It’s hard to tell whether Kaus picked up such a visceral dislike of the liberal side of the Democratic Party during the Clinton Administration’s intramural welfare wars that he now actually prefers the ruling plutotheocrats to any Democrat who isn’t Joe Lieberman, or whether he just figured out that being the Democrat to go to for an anti-Democratic quote was a good niche in the media ecosystem, guaranteeing Mickey well-paid leisure courtesy of whichever Fortune 500 company owns Slate at any given moment. But the bottom line is that he virtually never favorably links to, or is linked to by, anyone to his left, and never, never, never criticizes a media story that has a pro-Bush spin.

So Eugene’s phrase “Kaus, no Republican loyalist, writes … ” sounds a good deal like “Benedict Arnold, no Tory, says …” or, perhaps, “Leon Trotsky, no friend of capitalism, asserts … ” It’s one thing to find someone genuinely on the other side as a general matter who agrees with you about some specific point; it’s another to quote a professional turncoat and act as if that were the same thing.

Glenn Reynolds sums up:

This tells us two things we already knew: The press will publish stuff without much in the way of authentication, if it thinks it makes Republicans look bad. And Republicans really were interested in politicizing the Terry Schiavo matter.

But of course it tells us a third thing, which Glenn would rather not mention: that the “liberal media bias”-mongers will publish reckless charges with no authentication at all, if it makes any media outlet not in thrall to the conservative wing of the Republican Party look bad.

Right now, John Hinderaker looks considerably less credible than Dan Rather. The only difference I can see is that Rather eventually confessed error and got forced out, while Hinderaker is unapologetic and still going strong, catching links from Instapundit.

The Martinez Schiavo memo:
    Not really that hard to figure out

It all makes sense. Harkin saw the memo, but didn’t want to embarrass Martinez, who was on his side of the Schiavo matter. Some other Republican gave it to a Democratic colleague out of disgust, and doesn’t want to be known as a turncoat.

Sen. Tom Harkin has now confirmed that the Republican talking points on the Schiavo affair — the ones that the right blogosphere and wingnut press have been charging were a Democratic dirty trick abetted by the liberal media — were, in fact, given to him by Sen. Mel Martinez. Martinez has admitted as much and (as is his standard practice) chosen a staffer to scapegoat for it.

You might expect the reaction from the right-wing bloggers and other purveyors of the “liberal media bias” idea to be “Ooops! We overstepped on this one. We’ll be more careful next time.” But while you’re at it, you might as well expect a pony, too.

John Hindraker of Powerline, his dreams of Rathergate II in ruins around him, has come up with a defensive line of even-more-than-normal silliness: “Why didn’t Harkin speak out earlier”?

The answer isn’t far to seek. Harkin, let’s recall, was on the feed-Terri side of the question, like most of the leadership of the disability-rights community. He had no reason to want to embarrass Mel Martinez, who was leading his side of the fight. But when the Washington Times ran a story yesterday triumphantly reporting that all 55 Republican Senators denied having seen the memo and that only Harkin among the Democrats said that he’d seen it — along with a headline using the word “fake” and an assertion by Robert Bennett of Utah that the whole thing was an “invention” — Harkin was forced to choose between having his own credibility questioned and fingering Martinez, who had already gone on record denying that he’d ever seen the memo.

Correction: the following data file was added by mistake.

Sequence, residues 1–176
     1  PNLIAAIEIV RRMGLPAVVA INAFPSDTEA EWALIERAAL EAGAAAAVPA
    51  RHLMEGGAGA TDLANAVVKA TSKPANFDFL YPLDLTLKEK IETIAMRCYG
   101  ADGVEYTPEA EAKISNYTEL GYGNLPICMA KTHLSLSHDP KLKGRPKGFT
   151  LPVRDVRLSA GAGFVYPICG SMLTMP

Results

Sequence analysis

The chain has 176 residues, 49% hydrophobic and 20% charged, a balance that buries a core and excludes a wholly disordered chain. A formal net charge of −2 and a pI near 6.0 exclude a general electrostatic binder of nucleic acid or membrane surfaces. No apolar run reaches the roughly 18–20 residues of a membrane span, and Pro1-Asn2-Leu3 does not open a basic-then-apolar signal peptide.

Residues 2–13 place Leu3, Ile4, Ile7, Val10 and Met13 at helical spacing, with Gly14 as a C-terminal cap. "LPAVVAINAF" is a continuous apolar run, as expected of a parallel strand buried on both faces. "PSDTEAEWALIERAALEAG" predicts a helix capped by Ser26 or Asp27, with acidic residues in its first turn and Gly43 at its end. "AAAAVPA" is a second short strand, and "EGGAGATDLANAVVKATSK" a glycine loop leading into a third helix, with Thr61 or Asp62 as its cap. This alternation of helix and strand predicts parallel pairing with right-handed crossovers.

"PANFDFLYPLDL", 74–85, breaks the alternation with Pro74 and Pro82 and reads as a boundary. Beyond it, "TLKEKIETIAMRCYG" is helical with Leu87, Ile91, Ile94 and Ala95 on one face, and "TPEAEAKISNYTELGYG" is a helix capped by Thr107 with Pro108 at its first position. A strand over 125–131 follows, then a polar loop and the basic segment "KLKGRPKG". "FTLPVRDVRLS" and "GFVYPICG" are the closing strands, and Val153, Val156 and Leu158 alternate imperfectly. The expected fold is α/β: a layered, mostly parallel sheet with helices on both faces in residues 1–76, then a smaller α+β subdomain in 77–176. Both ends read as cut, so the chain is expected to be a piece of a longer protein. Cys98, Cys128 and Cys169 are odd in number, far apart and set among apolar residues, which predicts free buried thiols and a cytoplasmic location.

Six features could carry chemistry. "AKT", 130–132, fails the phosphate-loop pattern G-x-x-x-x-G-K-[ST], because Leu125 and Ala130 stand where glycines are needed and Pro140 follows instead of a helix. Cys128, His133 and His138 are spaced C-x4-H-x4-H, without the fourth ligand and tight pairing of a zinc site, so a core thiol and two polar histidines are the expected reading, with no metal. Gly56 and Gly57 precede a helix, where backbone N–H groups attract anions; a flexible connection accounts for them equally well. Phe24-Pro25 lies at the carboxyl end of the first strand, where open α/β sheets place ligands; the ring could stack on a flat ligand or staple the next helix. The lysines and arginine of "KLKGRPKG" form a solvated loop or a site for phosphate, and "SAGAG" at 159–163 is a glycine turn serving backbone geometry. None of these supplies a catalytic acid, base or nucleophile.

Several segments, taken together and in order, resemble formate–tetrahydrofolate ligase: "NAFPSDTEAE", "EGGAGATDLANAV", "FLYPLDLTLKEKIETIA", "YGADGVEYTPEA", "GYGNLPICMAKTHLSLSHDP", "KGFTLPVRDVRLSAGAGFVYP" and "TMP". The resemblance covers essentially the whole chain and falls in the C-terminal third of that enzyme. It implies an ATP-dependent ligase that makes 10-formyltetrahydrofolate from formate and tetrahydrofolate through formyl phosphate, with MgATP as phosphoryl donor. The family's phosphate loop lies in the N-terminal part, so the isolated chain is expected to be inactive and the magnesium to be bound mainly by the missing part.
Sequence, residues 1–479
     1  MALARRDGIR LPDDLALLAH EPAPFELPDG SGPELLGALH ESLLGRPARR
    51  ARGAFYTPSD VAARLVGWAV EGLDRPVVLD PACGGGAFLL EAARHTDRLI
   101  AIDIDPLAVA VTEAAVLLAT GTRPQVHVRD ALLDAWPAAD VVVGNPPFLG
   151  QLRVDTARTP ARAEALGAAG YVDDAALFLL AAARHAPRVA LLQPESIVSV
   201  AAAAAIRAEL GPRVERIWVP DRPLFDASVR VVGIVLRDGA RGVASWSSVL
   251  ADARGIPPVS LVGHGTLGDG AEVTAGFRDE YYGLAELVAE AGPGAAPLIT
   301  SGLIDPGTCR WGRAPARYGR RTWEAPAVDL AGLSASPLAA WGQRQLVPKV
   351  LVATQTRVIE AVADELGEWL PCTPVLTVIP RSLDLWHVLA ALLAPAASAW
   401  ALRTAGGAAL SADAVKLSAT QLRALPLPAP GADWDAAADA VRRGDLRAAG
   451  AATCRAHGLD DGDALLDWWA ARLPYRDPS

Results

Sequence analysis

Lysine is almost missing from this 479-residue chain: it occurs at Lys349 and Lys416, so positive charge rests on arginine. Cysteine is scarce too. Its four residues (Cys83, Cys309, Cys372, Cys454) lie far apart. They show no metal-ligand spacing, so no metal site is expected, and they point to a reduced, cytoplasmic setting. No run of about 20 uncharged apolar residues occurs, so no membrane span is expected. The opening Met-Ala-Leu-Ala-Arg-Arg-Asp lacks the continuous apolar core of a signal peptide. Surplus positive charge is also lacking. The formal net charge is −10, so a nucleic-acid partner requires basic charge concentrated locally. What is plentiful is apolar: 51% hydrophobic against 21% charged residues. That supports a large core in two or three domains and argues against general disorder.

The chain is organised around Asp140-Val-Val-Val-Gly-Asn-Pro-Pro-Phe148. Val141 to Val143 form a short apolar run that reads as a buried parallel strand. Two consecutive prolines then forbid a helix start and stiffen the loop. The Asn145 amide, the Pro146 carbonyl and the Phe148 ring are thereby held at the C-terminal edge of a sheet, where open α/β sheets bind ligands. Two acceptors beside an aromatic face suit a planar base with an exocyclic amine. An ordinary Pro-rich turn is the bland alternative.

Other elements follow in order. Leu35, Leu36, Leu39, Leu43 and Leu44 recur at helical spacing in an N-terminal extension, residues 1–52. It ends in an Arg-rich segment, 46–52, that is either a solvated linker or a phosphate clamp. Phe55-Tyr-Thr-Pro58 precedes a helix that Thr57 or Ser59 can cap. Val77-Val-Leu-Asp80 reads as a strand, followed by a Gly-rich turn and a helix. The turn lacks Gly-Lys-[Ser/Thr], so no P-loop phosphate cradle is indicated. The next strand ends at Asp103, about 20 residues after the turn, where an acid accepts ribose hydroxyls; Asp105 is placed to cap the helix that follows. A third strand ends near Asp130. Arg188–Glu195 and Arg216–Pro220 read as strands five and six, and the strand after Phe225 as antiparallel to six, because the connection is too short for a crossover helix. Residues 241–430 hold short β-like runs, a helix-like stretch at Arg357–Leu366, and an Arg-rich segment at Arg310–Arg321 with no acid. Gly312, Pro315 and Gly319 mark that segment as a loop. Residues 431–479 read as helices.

So Harkin did finger Martinez, who admitted that what Harkin said was true while continuing to express confusion as to how such a naughty memo could have found its way into his pocket.

It’s virtually certain that Harkin was not the source of the original ABC and Washington Post; stories. According to CBS, the memo got into the press because a Republican Senator who received it was outraged enough to share it with a Democratic colleague, whose staffers then gave it to the press, or who shared it with someone else’s staffers who gave it to the press.

The pattern isn’t hard to figure out: the outraged Republican surely doesn’t want to be known within his (or her) caucus as a turncoat, and is maintaining a discreet silence modified only by a simple exculpatory “No” to the Washington Times. The Democrat whose staffers put the memo out doesn’t want to have to answer questions about which Republican gave him or her the memo. The reporters know most or all of the names involved, but got the memo under pledges of confidentiality and don’t want to violate those pledges.

Really, unless you start with the assumption that any reporter who doesn’t work for Rupert Murdoch is a vicious, partisan liar, it all makes perfect sense.

Does Mickey Kaus know something I don’t?

What’s the relevance of Hillary Clinton’s sex life to he Kerik affair? None, that I can see.

At the request of Rudolph Giuliani, who would like to be President of the United States, George W. Bush, who is currently the President of the United States, nominated Bernard Kerik to be Secretary of Homeland Security, which ought to be an extremely important job.

Later it came out that Kerik had an extremely badly blotted copybook, both personal and official, of the kind that even the most cursory sort of background check would have discovered. This wasn’t just someone who did something dumb once and exposed himself to a journalistic “gotcha”; this was a walking textbook of conduct disorder.

Kerik is presumably no longer going to be a public figure, but facts about Kerik are clearly relevant to the evaluation of Bush and Giuliani.

I haven’t followed the “love nest” part of the story carefully. (The “mob ties” part of the story seemed exciting to me, which may say something about me.) Pehaps the original implication that Kerik improperly converted an apartment designated by a private as a rest area for police and firefighters to his own private (as it happened, adulterous) use was wrong, and that in fact all of his extramarital boffing was done on his own dime.